“Indiana Gov. Mike Pence on Thursday said he wants to use Medicaid funding under the federal health-care law to expand coverage in his state, but that any expansion of it would have to come on his own terms.
The proposal is the latest from a small group of mostly Republican governors pursuing alternative ways to tap billions of dollars in federal Medicaid money available under the Affordable Care Act. Most GOP governors are refusing the additional federal money outright, while those who have wanted to expand Medicaid faced objections from GOP-led legislatures.”
“Massachusetts pioneered universal health care in 2006. Under then-Governor Mitt Romney, it was the first state to guarantee access to insurance — and drove its uninsured rate down to just 4 percent.
Which makes it baffling that Massachusetts did arguably the worst of any state in implementing Obamacare. Like a handful of ardent Obamacare supporters in other states, Massachusetts officials tried to pull off an ambitious launch — and failed badly.”
“A few months into Obamacare’s coverage expansion, there’s been plenty of debate about where the millions of newly insured have obtained coverage — whether through the law’s exchanges, directly from an insurer, through expanded Medicaid or through an employer. The health-care law’s immediate impact is a little more clear in hospitals, which are starting to report who’s coming through their doors during the first months of expanded coverage under the Affordable Care Act.”
“In the midst of all the turmoil in health care these days, one thing is becoming clear: No matter what kind of health plan consumers choose, they will find fewer doctors and hospitals in their network — or pay much more for the privilege of going to any provider they want.”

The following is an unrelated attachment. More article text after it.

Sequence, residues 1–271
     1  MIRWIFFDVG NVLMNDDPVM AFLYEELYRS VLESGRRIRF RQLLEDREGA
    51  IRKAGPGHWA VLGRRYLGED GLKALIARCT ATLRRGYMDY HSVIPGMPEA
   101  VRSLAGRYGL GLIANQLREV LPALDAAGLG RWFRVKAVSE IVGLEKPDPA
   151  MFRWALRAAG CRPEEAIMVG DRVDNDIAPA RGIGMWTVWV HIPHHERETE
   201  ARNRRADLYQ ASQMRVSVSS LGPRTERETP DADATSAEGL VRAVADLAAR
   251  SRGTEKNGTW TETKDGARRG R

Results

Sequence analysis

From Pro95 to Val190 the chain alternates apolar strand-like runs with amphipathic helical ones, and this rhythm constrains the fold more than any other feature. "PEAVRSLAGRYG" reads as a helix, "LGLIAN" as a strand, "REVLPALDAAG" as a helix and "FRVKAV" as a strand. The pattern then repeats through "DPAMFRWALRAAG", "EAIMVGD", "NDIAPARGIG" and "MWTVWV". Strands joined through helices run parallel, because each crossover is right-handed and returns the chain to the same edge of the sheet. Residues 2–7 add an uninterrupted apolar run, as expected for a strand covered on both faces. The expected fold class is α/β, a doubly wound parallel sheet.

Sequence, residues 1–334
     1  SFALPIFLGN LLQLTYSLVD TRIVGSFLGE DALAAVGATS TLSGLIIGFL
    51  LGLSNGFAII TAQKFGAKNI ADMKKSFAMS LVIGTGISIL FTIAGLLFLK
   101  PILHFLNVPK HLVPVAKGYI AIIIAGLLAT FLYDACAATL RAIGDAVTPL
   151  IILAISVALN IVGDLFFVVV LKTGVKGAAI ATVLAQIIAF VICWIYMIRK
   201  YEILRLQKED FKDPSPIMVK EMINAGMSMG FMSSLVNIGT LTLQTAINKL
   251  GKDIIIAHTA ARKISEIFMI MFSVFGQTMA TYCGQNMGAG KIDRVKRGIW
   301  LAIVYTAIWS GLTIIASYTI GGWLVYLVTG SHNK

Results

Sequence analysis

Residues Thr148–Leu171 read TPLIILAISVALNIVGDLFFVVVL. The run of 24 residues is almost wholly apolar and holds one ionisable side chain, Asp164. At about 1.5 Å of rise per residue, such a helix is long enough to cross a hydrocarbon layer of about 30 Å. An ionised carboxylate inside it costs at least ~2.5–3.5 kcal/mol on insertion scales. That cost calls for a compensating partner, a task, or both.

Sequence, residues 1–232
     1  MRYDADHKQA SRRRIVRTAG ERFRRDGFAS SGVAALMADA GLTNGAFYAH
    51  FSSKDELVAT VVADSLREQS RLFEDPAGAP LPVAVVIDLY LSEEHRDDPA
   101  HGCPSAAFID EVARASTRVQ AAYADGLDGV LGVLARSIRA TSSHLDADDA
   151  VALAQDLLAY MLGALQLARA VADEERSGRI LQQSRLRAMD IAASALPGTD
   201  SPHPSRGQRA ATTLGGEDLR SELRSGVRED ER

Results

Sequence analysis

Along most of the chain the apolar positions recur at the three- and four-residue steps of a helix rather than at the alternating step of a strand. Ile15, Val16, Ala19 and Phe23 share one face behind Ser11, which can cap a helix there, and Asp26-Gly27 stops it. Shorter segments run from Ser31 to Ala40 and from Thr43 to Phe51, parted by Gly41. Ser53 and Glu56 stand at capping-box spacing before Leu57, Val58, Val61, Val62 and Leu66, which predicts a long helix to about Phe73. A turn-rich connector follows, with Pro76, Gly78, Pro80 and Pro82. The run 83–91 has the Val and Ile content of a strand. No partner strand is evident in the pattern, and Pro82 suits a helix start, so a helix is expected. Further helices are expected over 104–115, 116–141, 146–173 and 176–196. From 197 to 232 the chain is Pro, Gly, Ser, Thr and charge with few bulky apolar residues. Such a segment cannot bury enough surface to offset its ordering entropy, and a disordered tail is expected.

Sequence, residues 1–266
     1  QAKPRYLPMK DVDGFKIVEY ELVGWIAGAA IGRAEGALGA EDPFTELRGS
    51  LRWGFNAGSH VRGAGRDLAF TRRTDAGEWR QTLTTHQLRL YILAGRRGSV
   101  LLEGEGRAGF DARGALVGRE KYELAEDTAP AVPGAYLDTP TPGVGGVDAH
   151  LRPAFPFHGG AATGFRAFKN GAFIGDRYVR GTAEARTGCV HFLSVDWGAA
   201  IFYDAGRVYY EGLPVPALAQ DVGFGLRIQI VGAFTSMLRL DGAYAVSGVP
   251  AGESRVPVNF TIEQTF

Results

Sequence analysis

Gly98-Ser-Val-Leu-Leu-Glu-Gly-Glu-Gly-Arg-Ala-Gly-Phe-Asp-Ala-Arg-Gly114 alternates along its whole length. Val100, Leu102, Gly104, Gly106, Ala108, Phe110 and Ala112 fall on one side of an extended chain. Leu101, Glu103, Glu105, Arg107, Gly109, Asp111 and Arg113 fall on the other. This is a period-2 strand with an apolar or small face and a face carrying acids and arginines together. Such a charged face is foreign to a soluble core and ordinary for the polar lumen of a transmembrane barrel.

“Whenever somebody says that an argument is settled, you can be sure that it is not. If it were settled, there would be no need to say so. No president will hold a press conference to announce that the argument over the prohibition of alcohol is settled, precisely because it truly is settled. So when President Obama declared the debate over his health-care law “settled” and “over,” as he did at an April 17 press conference, his performance was self-refuting.”
“A left-leaning think tank whose research is often taken seriously by backers of the health-care overhaul has published a paper suggesting the administration should scrap the health law’s requirement that employers offer coverage or pay a penalty.”
The federal government will bear a disproportionate burden of premium increases in states with high rates of subsidized enrollees. Double digit premium increases are likely in many markets in 2014. Age distribution among enrollees varies by state, which may influence plans’ interest in each market.
“With enrollment in the Obamacare exchanges now closed, Democrats and their friends in the media are ebullient. Obamacare is an enormous success, they say, and conservatives have been humiliated. On closer inspection, however, things seem decidedly less bullish for President Obama’s signature achievement. “
“Our analyses as well as that of others find that eliminating the employer mandate will not reduce insurance coverage significantly,
contrary to its supporters’ expectations. Eliminating it will remove labor market distortions that have troubled employer groups
and which would harm some workers. However, new revenue sources will be required to replace that anticipated to be raised
by the employer mandate.”
“One of the principal flaws in the coverage of Obamacare’s exchange enrollment numbers to date has been that the press has not made distinctions between those who have “signed up” for Obamacare-based plans, and those who have actually paid for those plans and thereby achieved enrollment in health insurance. A new survey from McKinsey indicates that a large majority of people signing up are now paying for their coverage. This is progress for the health law. But the survey still indicates that three-fourths of enrollees were previously insured.”